As a parent, I get terribly stressed out when I hear stories about children getting hurt and tend to adopt an 'ignorance is bliss' attitude to protect myself and my children from these horrific events. At times this shield evaporates, like when I heard about the rape of an eight year old little girl by 12 to 14 year old boys in her school. That's when everything else that is happening comes into focus. I'm also talking about the rape of a pregnant woman by 11 men (11!) and the murder of at least four women found over the past weekend.
I am aware of the great divide in our country and that the most vulnerable are those who do not have parents at their beck and call. Those who walk kilometres alone to school or to fetch water, those who are left to play in the streets until their caregivers arrive home from work. In my frustration and horror I hit out at the system, the justice system, the education system, the work ethic of teachers and child carers, whether anyone in this country cares about anything else besides themselves.
Then I realise that the real question for me is – where do kids learn these things from? What are their parents like? Are they taught to be hurtful, hateful, discriminatory people? How is it fun to watch another human being being tortured, humiliated and abused? And that's when I decided that there actually is something I can do, maybe not to change the world, but to hopefully ensure that my own children never grow up thinking or behaving that way. Ever. Because there's a chance that these abusive kids are lacking in something, lacking love and guidance, seeking affirmation of themselves in the world, trying to find someone to notice them, all be it in a negative way.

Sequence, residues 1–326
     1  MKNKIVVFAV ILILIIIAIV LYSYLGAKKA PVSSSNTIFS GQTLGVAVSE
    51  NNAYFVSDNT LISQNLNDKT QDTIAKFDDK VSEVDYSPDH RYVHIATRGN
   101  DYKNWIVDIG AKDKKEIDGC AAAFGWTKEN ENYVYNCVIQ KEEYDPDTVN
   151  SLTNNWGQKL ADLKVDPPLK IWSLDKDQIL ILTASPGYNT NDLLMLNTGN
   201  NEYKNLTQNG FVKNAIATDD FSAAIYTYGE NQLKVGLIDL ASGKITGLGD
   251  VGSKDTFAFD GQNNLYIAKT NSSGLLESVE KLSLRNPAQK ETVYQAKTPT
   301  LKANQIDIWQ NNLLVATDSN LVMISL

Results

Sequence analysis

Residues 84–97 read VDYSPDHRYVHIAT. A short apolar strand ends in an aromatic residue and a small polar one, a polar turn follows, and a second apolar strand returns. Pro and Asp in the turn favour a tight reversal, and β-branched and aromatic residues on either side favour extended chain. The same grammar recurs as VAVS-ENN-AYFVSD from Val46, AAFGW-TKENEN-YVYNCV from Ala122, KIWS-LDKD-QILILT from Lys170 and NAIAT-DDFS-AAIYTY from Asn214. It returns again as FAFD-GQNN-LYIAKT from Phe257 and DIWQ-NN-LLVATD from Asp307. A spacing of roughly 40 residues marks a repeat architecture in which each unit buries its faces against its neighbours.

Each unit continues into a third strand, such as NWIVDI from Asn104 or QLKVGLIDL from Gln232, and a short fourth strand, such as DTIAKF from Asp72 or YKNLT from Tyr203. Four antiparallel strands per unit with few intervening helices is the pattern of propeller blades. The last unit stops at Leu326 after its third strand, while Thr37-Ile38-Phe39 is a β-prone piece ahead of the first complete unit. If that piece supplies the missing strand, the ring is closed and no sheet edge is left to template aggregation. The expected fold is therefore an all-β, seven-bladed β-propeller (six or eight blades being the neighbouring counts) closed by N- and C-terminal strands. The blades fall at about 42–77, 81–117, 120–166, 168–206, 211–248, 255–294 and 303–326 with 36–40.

The solution then, for me personally and for my own kids, is to be more present. To listen more, to give my full attention, to be a good role model, to wake my kids up with a smile on my face, to put them to bed with a story of love, to teach them to be kind, not because we have to but because it feels so good. It's hard work being happy and patient all the time, especially with all the pressures of life.
I am privileged (and not so privileged but that's a story for another article) to live across the road from my kids' school. I've seen parents hoot all the way to the school, wait impatiently for their kids and then drive off in a huff because they had to wait a few seconds. Is that child going to feel happy to go home? Or would he rather stay out on the streets or somewhere else where he doesn't feel like he's a burden.
I've chosen to make a promise to myself that no matter what goes on in my day, that my actions and my attitude towards my kids always needs to be one of care, thoughtfulness, compassion and all things good for their little hearts. It's impossible for me not to know what goes on in the world, especially with all the cruelty and craziness of wars, famine, droughts, Donald Trump and all things negative - things that I may never understand or agree with.
Not to stress myself out, but to enable myself to teach my kids about what's not acceptable, about engaging with them to see what they think and in this way gauge whether I am in fact doing a good job being a parent. That's what it's about right, growing great leaders, pillars of their communities and well balanced, sane individuals.Suggest a correction